August 19th, Tuesday
1959.1 to 1973
The next morning, I woke up crying in pain. This was the first time this had happened on trail, and I began crying harder because I was crying in pain. Zach groaned and shoved his head under the covers. It wasn’t a very promising start to the day.
We decided to leave our tent set up and slackpack down the mountain to Elk Lake Resort. It was a two-mile detour, but we needed fuel so we could continue cooking our meals. Zach took a lightened backpack with our water bottles, and I took a trekking pole and hobbled after him. My feet still hurt so badly!
The trip down the mountain was mostly amongst burned and blackened trees with a blazing sun overhead. At last we descended into live trees, and found our way across roads and through parking lots to the resort. The lake was huge and blue and beautiful, with a lot of tourists out in boats. Stephen, a hiker we’d met at Crater Lake, gave us his half-empty fuel canister for free. We wandered around the dark and jumbled camp store, bought a Pepsi from a surly employee, and high-tailed it out of there.
It was a long slog back up the mountain, but the trek actually made my legs and joints feel better— walking on a slope instead of flat ground helped break the muscles out of their monotony. I was feeling distinctly more human when we reached our campsite and began breaking down camp.
As we were taking it down, a middle-aged man walked up on the trail and said hello. He looked very chipper, and had a large backpack and heavy hiking boots, so it was easy to identify him as a short-term hiker. We began chatting with him, and learned that he was hoping to thru-hike sometime in the next couple years, and was “testing out” the trail by hiking a 60-mile section.
“Some friends and I are taking six days to hike this section,” he beamed. “We’ve been doing almost ten miles a day.”
Although that’s not much by thru-hiker standards, considering that most middle-aged people can’t hike a mile, we congratulated him sincerely. A bit more talking revealed that he was a huge fan of Wild— possibly enough to be classified as a fangirl. I’m surprised he didn’t have an “I Heart Cheryl Strayed” t-shirt.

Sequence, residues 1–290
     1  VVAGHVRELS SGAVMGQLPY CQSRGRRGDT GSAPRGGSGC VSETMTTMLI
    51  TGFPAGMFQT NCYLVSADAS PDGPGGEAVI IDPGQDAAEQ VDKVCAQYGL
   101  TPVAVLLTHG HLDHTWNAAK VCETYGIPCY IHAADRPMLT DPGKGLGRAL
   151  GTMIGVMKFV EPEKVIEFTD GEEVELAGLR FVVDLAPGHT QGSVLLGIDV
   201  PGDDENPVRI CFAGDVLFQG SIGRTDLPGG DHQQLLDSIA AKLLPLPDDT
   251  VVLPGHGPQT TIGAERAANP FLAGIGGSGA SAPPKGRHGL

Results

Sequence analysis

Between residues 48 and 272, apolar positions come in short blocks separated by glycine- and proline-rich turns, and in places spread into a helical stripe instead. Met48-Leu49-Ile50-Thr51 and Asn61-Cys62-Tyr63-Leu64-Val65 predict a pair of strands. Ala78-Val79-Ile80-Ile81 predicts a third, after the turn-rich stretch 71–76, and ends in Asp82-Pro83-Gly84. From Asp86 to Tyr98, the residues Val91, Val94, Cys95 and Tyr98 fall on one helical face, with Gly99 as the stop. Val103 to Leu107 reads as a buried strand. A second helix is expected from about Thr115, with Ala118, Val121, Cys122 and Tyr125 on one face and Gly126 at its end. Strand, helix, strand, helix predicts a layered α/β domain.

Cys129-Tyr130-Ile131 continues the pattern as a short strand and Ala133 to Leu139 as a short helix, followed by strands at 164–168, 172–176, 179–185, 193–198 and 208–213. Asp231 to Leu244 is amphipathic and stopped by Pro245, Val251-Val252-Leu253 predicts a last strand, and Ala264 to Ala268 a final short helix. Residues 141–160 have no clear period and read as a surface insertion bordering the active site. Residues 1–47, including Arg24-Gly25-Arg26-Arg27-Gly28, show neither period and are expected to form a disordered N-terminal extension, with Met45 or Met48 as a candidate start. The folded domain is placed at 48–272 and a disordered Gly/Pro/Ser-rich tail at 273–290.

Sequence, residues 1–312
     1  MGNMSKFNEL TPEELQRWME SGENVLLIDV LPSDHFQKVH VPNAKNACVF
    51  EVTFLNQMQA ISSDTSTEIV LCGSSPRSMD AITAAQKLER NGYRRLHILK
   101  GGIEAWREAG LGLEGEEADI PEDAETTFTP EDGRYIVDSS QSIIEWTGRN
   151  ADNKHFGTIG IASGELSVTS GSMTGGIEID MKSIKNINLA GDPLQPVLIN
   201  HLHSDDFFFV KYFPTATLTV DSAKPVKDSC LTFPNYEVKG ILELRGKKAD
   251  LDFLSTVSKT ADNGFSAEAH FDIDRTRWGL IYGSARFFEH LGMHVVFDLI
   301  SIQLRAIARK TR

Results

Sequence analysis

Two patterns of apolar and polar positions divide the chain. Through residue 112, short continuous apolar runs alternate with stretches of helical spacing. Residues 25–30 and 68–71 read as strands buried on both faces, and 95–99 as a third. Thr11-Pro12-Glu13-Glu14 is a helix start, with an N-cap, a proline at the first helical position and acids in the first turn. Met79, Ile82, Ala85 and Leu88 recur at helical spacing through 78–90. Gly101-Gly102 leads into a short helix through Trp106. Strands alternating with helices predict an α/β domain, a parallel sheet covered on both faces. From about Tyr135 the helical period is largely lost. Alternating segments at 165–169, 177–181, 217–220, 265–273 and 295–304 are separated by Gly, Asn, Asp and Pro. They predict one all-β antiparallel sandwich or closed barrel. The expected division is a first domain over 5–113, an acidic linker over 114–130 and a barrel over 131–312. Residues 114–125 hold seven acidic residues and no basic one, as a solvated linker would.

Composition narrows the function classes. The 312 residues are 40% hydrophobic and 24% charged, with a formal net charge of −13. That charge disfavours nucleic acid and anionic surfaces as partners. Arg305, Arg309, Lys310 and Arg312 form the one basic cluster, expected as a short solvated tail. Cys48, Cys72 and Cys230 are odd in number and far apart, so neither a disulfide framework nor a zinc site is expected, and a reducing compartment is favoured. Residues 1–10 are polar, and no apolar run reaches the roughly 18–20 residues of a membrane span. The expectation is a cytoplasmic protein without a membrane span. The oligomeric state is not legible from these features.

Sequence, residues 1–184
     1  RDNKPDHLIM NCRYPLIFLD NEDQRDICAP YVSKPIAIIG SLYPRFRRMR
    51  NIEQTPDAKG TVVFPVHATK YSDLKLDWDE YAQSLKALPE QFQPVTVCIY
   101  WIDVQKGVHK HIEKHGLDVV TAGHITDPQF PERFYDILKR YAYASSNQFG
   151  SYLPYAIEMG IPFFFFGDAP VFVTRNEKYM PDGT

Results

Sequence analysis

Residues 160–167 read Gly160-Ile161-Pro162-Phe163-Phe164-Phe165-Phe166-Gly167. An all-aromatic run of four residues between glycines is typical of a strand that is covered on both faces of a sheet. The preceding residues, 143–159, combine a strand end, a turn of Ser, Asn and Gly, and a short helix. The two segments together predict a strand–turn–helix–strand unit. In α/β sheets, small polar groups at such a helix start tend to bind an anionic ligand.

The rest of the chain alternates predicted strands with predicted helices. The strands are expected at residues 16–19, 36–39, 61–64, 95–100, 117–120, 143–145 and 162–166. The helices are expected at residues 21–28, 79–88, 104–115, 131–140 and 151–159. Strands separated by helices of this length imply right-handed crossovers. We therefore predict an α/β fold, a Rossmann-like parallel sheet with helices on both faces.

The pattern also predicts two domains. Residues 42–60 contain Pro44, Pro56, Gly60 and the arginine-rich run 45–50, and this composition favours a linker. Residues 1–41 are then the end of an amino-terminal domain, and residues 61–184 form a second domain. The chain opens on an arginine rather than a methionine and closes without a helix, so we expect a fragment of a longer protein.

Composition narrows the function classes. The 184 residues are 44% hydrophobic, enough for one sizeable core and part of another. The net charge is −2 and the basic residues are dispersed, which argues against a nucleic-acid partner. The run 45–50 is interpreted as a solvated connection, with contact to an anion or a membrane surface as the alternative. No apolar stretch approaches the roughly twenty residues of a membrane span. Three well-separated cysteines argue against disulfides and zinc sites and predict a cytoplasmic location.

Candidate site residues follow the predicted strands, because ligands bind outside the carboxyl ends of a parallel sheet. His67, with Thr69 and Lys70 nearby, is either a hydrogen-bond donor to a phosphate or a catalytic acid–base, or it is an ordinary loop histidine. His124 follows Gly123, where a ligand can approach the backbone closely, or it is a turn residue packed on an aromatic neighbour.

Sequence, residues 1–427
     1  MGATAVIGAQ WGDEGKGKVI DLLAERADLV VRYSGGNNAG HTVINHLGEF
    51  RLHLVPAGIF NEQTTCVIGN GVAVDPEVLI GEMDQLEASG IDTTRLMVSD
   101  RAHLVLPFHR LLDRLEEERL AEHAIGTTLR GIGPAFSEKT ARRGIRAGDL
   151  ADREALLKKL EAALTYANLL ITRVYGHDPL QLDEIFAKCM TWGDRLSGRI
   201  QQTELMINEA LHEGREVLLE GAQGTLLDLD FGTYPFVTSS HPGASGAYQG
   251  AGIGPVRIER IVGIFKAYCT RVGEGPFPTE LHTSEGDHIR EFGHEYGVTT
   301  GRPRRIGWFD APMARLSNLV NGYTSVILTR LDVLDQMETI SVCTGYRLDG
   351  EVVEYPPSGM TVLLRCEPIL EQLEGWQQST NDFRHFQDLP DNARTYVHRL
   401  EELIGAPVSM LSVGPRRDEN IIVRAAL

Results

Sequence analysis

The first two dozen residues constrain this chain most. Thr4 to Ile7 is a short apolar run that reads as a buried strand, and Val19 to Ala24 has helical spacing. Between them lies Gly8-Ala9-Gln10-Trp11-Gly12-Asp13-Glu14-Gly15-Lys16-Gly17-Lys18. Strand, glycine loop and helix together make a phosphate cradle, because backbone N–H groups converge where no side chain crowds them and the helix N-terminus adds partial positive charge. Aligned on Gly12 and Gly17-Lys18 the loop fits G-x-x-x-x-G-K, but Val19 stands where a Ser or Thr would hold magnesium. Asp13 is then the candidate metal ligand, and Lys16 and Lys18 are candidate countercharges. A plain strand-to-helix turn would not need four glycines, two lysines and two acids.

“I was trying to decide which trail to hike, the Appalachian or the PCT,” he said. “So I hiked about twenty miles of the Appalachian, and now I’m hiking here. I’ll tell you what, the PCT is way easier!”
I shifted from foot to raw, aching foot. “That’s what most people say.”
“But the PCT, the PCT is great! It’s so flat and beautiful and easy! I’m definitely going to hike this, just like Cheryl Strayed!”
“Well,” Zach said gently, “this is actually the easiest section we’ve come across on the trail. The desert is challenging because of lack of water, and the High Sierra has a lot of snow.”
“Oh, well, if the High Sierra has snow, I’ll just skip it, just like Cheryl Strayed did. No sense in being dangerous.”
Zach and I nodded politely.
At that moment, a few other middle-aged people trekked up, again all looking very chipper. They were going down to the resort to get burgers and spend the night before going on. The Wild fangirl grinned and waved goodbye to us, and they all headed down the mountainside.
Zach and I were left alone. I felt torn between feeling vaguely miffed/defensive and thinking that the guy was the most adorable person I’d ever seen.
On we hiked, into a burned area of scorched trees. We walked in silence for a bit. Then I said, “The PCT is hard.”
“He just thinks it’s easy because he’s only doing a small section. An easy section. The easiest section yet!”
“Everyone talks about how hard the Appalachian Trail is. Well, the PCT is hard, too!”